GRA said

“Having a battery that’s bigger than your routine driving needs is expensive and inefficient, as the extra weight decreases efficiency all the time.”

Not so. Here are the benefits of a larger battery pack:

1. Longer range

2. Longer battery life

3. Faster charging possible (in terms of miles added per minute of charge)

Any “inefficiency” in hauling around a few more hundred pounds of batteries is certainly more than compensated for by not needing to replace the battery pack after just a few years.

“…having a car with a battery larger than can be charged overnight on L1 is a waste…”

So, your argument is that having a small battery is “better” because a weak charger can fully charge it overnight? Well, in the same way that having less money is “better” because it will fit into a small wallet more easily.

If you want a vehicle with a really small battery, then buy an electric bicycle. Most people interested in EVs want a car which can actually compete with gas guzzlers.

I’m at 18K for my first year of owning a Leaf and it will probably continue at that pace for a few more years.

“Chevrolet Volt is almost like a regular BEV… with extended range.”

Exactly. And that was a 35-38 mile Volt. A 50-mile Volt will do that much better.

Guess I’m the perfect Energi customer – I only drive 6,000 miles/year, but 4000 of those are electric.

I think it is not a good idea to just look at numbers like this from a perspective of miles driven. It doesn’t tell the whole story. Take my Chevy Volt. Of the 365 days in a year, it is an EV on 355 of those days. The other 10 days it is a hybrid getting great fuel economy on a multi-hour long drive. Of course, those 10 days do add up to a lot of miles. In my case, about 20% of the miles on the vehicle. But if you look at it from a perspective of days, it is an EV 97% of the time.

I completely agree; what is important is what percentage of your trips can be performed without burning any gasoline/diesel at all. Someone with a short-range EV isn’t likely to try to stretch out its range for a long trip by repeated en-route charging; he’s just going to use a different vehicle for the trip — very likely one which will be powered by gasoline. Of course, with the Volt you don’t have to switch cars.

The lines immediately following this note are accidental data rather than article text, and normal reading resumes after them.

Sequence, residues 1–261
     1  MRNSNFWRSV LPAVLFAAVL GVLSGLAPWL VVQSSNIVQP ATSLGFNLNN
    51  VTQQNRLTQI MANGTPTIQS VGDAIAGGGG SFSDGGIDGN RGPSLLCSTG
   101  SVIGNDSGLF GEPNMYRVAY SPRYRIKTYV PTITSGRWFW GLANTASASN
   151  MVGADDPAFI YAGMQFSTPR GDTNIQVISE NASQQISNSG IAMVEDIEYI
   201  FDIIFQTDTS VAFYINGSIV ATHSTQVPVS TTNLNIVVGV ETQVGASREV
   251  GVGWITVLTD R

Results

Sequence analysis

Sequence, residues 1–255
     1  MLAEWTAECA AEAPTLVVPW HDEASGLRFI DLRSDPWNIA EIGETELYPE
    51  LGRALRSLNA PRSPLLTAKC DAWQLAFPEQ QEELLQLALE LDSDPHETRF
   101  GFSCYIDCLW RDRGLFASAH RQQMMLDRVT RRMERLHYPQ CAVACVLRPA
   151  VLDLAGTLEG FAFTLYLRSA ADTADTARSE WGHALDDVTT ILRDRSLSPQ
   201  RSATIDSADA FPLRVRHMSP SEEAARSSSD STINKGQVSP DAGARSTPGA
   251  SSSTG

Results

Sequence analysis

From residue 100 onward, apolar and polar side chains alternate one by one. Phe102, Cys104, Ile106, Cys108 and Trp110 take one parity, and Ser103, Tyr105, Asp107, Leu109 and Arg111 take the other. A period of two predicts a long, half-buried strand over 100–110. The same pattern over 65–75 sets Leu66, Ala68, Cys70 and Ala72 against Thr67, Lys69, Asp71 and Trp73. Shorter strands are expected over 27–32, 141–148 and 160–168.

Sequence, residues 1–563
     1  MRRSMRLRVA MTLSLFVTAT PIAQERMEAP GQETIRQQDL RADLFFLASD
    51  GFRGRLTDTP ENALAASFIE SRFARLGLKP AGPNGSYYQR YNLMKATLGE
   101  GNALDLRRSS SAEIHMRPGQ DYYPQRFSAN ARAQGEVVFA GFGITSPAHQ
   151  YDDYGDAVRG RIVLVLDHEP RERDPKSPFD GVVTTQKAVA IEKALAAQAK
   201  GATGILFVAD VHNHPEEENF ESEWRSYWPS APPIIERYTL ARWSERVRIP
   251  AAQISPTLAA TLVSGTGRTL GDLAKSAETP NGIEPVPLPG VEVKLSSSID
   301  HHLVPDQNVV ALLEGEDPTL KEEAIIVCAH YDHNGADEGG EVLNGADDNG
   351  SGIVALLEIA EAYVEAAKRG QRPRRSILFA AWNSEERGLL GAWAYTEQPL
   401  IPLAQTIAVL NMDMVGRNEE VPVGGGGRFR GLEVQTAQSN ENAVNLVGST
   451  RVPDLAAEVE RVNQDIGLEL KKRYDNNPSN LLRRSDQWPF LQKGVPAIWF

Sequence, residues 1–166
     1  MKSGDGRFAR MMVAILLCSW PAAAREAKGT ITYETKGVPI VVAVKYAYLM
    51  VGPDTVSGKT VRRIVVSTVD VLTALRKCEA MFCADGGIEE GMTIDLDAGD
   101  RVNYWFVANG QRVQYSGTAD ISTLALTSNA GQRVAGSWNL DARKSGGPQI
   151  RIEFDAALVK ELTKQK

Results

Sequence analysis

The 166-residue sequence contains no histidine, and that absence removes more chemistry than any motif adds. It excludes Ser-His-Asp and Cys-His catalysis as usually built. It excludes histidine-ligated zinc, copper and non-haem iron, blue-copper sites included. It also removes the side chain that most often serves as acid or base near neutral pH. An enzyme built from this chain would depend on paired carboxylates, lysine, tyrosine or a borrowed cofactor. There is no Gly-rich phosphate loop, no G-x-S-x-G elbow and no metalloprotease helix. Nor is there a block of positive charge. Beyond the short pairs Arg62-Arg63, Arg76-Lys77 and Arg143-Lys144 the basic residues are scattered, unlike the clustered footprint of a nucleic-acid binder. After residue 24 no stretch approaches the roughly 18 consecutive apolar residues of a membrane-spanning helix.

Here’s hoping we’ll see a lot more PHEVs with a range as good as the Volt — or even better. If the Volt had an all-electric range of at least 60 miles (70 would be even better), it would be the best fit for my needs.

I won’t claim that everyone needs 60+ miles of electric range in their daily driver, but the graph of actual miles driven per day by actual Volt drivers makes it quite clear that its ~40 miles range isn’t adequate to cover 90% of daily driving needs:

I thought the belief was that Volt drivers drove more EV miles than the LEAF because they had no problem utilizing 100% of their EV range. According to these stats, even Focus owners drive more EV miles.

Interesting that the INL data show Volt drivers doing 74.4% of their miles on electricity while the database shows a “fleet total” average of 71.3% electric. The Voltstats database should include newer Volts with the slightly larger battery capacity, but maybe the INL data are from “hardcore, early adopters” who do everything they can to avoid using gasoline?

Too many of the earlier 2011/12 Volts may be dragging down the numbers over on

A quick check of the “Groups” tab shows that newer Volt owners are doing better than older:

2014 Volt Owners Group 75.8%
2013 Model Year Volts 75.1%
2012 Volt Owners Group 66.8%
2011 Volt Owners Group 62.9%

This study may include more newer Volts.

I’m so glad they killed off that Plug-In Prius POS. Such an under-batteried and under-motored car that was an embarrassment to plug ins.

I’m not so sure I buy this analysis. For one they say “estimated eVMT” but don’t explain how they estimated it. If you compare the % difference between the PHEVs and the miles per charge, you get almost EXACTLY the same percentage. Meaning that they just assumed 1 charge per day and once your X EV miles were gone you used gas. That is a poor assumption and gives a useless analysis.

I don’t understand how they arrived at the car numbers. They have the Focus EV outselling the Volt, and the Fusion + C-Max Energis outselling everything else combined. Where are these stats coming from?

I assume these are just the number of cars that were included in the study. It has nothing to do with sales.

& Yet the least EV car the Prius has the least amount of EV Miles.
Not a surprise there.

The elephant in the room is how many miles did these EV owners drive in ICE cars because they felt the trip was too long for their EV’s?

How many miles did they drive in a rental car, loaner car, or in other gas cars they own?

For example, Volt owners drove over 12K miles per year, with 3K with the gas engine running. Leaf drivers drove less than 10K miles per year. Did they also drive 3K miles in other gas vehicles, leaving the Leaf at home?

If so, it certainly makes the case for the new 2016 Volt with its longer EV-mode range that should do even more miles in EV mode.